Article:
Koga holds a special place in my heart because he’s an example of what a working man can achieve.
He started off as a lonely gym leader and worked his way up to the elite four after Lance took over the position of champion (a position that didn’t exist until Blue bet him way back when).
Not only that, but he left his gym to his daughter, creating a legacy that guarantees his family a life of comfort for generations to come.
He’s a much better dad than Norman, in any case.
13. Youngster Joey
Rumor has it that if Ethan hadn’t come along and bet him, Youngster Joey would have become the champion of Johto.
Maybe he wouldn’t have wanted that, though, being content to live out a simple life with his Rattata.
By the way, did you know that it’s in the top percentage of Rattata?
12. Fisherman Ralph
Fisherman Ralph has little fanfare behind him.
He’s a simple man, looking for nothing more in life than a fishing rod and the sea. Once you get his number(which now that I think about it is a bit weird considering you’re 10) he’ll call you every now and again to share his fishing adventures with you.
There’s something surprisingly wholesome about a man that gets his fulfillment from fishing in a world where everyone is so focused on becoming “the very best.”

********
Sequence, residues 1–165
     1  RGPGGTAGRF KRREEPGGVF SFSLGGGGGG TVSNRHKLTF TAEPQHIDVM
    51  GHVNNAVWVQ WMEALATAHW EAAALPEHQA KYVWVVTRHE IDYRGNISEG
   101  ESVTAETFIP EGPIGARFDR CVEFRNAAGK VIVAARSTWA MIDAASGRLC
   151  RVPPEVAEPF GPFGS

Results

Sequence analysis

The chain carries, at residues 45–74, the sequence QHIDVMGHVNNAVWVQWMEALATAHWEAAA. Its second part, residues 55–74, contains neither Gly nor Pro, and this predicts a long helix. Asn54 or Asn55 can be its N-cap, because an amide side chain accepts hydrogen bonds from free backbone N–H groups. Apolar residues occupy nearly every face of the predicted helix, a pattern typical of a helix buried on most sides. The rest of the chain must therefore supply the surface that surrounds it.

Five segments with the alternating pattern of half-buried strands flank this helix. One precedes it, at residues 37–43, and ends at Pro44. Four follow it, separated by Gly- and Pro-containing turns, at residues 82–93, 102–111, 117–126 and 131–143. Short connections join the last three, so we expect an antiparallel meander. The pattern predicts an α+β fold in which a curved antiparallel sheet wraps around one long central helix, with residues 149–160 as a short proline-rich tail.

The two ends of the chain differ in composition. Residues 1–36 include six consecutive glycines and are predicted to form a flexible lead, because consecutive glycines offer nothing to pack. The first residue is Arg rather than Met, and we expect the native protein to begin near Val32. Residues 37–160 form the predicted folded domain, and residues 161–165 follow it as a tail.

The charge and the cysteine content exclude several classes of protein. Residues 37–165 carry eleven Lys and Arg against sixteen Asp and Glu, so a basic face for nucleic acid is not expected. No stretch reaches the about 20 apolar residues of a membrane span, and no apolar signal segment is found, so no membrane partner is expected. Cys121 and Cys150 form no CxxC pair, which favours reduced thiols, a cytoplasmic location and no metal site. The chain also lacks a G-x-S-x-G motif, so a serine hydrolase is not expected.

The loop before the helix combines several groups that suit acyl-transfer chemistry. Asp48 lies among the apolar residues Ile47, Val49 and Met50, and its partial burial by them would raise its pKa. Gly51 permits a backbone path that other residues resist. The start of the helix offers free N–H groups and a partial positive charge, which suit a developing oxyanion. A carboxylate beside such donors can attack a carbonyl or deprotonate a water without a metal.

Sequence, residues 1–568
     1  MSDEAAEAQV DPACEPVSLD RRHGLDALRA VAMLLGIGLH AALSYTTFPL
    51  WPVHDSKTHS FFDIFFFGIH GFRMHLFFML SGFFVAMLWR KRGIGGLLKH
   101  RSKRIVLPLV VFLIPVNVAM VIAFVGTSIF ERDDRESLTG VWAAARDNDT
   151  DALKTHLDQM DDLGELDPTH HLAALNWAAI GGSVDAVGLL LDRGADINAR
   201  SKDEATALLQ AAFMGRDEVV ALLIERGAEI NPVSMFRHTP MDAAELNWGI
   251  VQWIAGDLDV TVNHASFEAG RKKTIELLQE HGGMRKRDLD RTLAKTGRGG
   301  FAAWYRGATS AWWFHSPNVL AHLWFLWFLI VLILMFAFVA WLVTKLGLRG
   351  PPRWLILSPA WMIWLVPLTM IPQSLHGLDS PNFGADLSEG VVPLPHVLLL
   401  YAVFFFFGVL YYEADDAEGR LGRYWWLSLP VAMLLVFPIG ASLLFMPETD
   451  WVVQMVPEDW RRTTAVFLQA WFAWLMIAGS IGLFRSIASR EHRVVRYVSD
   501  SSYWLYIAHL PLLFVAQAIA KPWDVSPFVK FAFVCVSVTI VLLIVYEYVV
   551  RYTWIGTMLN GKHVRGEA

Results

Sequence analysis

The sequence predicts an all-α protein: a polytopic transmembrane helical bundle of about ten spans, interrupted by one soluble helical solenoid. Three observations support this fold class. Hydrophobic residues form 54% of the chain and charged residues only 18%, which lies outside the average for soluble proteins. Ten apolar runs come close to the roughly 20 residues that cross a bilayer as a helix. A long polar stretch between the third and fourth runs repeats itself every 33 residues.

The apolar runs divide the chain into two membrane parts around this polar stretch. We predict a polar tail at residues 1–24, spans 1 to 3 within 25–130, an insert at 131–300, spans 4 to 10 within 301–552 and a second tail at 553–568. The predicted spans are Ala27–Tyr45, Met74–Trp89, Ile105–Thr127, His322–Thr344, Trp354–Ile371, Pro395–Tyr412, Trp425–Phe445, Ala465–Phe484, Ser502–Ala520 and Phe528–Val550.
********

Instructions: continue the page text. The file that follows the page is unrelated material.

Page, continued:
11. Steven Stone
Steven Stone would be the Hugh Hefner of Hoenn, if Hugh Hefner was an even bigger overachiever than he was in life.
Not only is Steven the president of the Devon Corporation, but he’s also the champion. Being able to run one of the biggest companies in the country and being the best trainer in the entire region is a ludicrous type of life to lead simultaneously.
As well as that, Steven somehow finds time to collect expensive stones, which in context I’m content to believe are genuine gemstones.
Steven doesn’t even stick to Hoenn, either. He shows up in Kanto during HG/SS and Unova in the Champions tournament.
He also just gives the player his villa in Pokémon Platinum, which is the cherry on the top of a very expensive pie.